We visited first a supermarket, one of the first in the USSR to have been built. Looking at the broken, rusting fixtures and fittings, my mind was drawn back to an image we had seen earlier that day, of a bustling supermarket. We also stopped by a municipal store building which contained posters and banners which would have been displayed for the locals. From here, we headed to perhaps the most photographed attraction in the town: the theme park.
With its rusting ferris wheel and dodgems slowly fading into the autumnal colours, I listened as our guide explained that the park had never opened. It was due to open as part of the upcoming May Day festivities, but before it had the chance, the townsfolk were evacuated. We then walked the short distance to the stadium- the only sporting stadium in which I have ever stood on the track! This too, is slowly being reclaimed by nature: the running track now littered with weeds. We were shown ‘before’ shots of the stadium when it was a functioning hub of the community.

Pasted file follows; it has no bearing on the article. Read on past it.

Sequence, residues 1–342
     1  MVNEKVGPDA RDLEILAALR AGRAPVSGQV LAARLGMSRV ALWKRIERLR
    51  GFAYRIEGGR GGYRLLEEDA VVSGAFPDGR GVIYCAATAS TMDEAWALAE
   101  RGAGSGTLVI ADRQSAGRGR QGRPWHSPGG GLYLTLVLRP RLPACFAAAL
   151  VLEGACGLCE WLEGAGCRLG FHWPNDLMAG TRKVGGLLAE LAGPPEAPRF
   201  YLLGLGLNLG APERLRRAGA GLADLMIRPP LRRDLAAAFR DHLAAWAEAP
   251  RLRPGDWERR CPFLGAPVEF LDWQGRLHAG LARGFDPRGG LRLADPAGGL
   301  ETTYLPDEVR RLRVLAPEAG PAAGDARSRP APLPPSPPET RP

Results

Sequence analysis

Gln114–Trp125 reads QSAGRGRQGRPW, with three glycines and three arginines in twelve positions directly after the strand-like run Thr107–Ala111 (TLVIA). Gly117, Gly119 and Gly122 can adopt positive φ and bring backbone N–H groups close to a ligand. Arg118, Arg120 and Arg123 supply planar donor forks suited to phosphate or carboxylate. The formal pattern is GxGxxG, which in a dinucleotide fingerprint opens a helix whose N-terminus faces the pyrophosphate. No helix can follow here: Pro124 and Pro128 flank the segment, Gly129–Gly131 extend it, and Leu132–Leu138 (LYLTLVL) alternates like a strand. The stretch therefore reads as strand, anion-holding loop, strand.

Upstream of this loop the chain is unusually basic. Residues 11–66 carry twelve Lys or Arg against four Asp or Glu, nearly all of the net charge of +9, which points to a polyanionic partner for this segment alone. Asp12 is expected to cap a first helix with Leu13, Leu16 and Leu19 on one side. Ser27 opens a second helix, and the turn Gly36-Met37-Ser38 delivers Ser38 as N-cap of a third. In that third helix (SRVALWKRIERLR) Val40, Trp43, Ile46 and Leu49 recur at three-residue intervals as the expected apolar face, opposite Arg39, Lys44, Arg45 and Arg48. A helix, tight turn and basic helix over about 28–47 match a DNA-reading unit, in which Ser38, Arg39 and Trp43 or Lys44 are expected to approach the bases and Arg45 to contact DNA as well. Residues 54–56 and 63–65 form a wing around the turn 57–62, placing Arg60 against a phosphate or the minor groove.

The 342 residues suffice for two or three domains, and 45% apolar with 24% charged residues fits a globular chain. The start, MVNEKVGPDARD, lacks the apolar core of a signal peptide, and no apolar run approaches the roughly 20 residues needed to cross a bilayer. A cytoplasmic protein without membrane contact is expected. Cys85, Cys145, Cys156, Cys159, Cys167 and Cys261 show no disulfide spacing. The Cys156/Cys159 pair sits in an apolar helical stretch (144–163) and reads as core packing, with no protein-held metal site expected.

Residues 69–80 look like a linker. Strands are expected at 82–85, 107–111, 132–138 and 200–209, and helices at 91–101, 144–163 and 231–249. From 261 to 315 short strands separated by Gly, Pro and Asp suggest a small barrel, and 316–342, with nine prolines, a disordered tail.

Next, we went to abandoned swimming pool, our feet crunching over broken glass, as we picked our way across the decaying basketball courts, and into the swimming hall. The pool, long empty of water, is now full of graffit and more broken glass, but the diving boards and the clock remain. It was not hard to imagine this in its heyday.
We went from sports to education. We stopped at one of the local schools, now littered with respirators in a haunting tribute to what once was. Here, there were more perfect photo opportunities. Working in a school, it was quite thought provoking walking through the now empty corridors. I wonder what the children would have thought, being told that there would be no school the next day?
Our time in Pripyat was coming to an end.